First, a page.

Wednesday, June 17, 2015

V for Variety by George Topalis & Emmanuel Kontovas - Report

Every learner is different and a good teacher should be able to not only identify those differences, but create teaching content and apply teaching methods which will cover the needs of all the students in class.

The variety of learning styles was not only discussed by George Topalis and Emmanuel Kontovas, but also by one of our plenary speakers, Marjorie Rosenberg, which further underlines the importance of the issue.

It came as an unexpected reflection that it is not only our students that learn based on their own learning styles, but that we, teachers, also teach according to our own styles.

How can we cater for the needs of everybody in the classroom? Variety is the key word. The presenters recommended a number of techniques which will spice up every classroom and engage every student.

Music is a classic choice. Have you tried instrumental music, though? According to the presenters, it has an affective nature, brings out emotions and acts as a key to imagination. Music creates mental images and using songs generate optimal circumstances for effective language learning. A perfect example is that of the song "Friends will be Friends" which can be used as a springboard for a discussion on friendship and a great source of ideas for creating relevant materials.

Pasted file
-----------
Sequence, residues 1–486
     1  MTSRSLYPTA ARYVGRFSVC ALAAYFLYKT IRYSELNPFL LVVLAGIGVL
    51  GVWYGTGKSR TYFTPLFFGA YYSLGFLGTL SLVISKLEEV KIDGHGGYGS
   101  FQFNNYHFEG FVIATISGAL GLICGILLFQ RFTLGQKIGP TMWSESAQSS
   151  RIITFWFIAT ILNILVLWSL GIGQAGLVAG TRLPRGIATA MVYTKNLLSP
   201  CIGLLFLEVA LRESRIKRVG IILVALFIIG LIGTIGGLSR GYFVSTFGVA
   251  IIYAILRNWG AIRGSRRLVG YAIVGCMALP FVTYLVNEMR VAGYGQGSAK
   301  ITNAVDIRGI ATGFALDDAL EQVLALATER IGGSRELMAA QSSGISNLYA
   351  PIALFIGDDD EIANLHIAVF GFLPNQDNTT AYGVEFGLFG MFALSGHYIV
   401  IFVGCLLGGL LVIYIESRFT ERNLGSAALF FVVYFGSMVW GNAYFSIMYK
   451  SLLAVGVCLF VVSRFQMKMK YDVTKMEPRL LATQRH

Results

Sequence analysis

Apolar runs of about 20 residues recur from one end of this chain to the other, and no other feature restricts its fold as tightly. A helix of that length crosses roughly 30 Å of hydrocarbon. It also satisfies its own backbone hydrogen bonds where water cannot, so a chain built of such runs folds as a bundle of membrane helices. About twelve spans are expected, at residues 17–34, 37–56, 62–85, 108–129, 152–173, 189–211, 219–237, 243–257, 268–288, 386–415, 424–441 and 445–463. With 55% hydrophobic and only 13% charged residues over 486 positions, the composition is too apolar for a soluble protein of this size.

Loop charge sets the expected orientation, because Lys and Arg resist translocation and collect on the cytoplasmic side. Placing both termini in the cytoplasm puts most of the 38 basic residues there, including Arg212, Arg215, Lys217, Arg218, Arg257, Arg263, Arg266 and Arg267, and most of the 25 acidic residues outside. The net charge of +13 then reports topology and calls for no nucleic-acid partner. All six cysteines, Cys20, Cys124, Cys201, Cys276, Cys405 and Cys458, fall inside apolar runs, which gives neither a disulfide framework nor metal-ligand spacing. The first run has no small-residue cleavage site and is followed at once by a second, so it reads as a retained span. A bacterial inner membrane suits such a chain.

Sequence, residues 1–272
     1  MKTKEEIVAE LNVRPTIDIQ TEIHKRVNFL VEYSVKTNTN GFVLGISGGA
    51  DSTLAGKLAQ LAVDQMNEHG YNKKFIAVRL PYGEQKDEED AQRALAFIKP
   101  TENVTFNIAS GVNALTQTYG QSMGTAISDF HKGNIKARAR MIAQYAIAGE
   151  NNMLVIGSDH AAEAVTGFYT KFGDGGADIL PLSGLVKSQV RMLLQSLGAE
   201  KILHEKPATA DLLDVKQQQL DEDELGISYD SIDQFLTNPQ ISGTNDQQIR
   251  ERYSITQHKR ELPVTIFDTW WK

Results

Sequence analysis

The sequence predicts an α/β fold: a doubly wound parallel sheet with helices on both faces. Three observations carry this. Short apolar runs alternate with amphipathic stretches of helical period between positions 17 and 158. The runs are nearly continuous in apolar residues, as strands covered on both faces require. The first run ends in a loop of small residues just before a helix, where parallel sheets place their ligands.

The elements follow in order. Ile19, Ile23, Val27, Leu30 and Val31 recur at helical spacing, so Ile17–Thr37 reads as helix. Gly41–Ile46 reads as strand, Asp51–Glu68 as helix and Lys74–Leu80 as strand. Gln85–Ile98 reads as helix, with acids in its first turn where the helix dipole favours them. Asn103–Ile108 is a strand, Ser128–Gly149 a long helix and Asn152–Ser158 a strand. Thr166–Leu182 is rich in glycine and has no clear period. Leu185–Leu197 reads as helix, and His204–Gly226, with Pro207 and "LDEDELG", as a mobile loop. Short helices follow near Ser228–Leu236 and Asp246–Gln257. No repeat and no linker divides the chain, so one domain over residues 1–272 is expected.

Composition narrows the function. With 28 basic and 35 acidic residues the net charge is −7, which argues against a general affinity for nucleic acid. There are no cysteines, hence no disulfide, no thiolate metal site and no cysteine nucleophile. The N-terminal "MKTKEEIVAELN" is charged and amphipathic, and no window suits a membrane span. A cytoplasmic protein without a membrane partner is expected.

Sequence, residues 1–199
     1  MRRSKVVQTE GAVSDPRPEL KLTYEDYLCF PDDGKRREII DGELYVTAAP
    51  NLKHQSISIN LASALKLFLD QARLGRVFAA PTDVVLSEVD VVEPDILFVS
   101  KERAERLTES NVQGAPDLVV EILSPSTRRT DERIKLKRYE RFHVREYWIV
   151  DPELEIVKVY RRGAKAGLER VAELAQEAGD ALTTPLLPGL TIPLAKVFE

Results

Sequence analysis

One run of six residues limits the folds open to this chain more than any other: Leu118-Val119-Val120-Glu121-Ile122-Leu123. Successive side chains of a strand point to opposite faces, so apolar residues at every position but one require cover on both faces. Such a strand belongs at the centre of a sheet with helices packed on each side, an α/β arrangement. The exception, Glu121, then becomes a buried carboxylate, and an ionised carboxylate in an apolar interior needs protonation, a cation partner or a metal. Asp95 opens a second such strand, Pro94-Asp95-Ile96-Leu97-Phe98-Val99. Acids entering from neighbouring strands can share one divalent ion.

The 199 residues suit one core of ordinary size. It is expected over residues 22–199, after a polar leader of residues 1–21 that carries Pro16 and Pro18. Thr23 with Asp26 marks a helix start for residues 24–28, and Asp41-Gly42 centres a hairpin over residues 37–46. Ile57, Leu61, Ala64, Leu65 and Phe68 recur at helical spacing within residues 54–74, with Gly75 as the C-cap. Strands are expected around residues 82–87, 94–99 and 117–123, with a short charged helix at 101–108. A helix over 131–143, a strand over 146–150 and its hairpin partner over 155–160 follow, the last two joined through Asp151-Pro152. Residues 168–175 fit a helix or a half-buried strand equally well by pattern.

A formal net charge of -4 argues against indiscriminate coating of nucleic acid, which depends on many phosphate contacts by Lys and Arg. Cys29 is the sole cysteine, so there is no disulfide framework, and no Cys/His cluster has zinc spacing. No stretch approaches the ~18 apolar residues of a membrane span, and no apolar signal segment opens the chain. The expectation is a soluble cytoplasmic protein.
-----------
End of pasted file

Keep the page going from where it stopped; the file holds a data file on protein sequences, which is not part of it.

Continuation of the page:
Using photos in the classroom to introduce new vocabulary and generate discussion is another fantastic idea. I am sure all the participants remember the two chameleons.

The speakers reminded the audience about copyright issues involved in using images available on the Internet and recommended a site with free copyright-free images available to all

Storytelling was among the popular themes during the convention. It is a great way to engage your students. Whereas our plenary speakers, Alec Williams and Andrew Wright, talked extensively about the art of storytelling, George and Manolis recommended a couple of practical tips regarding the use of storytelling in the ELT classroom. If in search of free audio stories, visit

We are living in the video age and short video clips are more popular than ever. Why not integrate those elements of the digital revolution into our teaching? A short video with the title "Knick Knock" available at which is engaging, fun to watch, and a great springboard for in-class discussion at the same time was an interesting recommendation.

The presentation closed with the projection of a short video in which children expressed their views on education and made us realize how happy they are when there is variety in learning.

By Margarita Kosior

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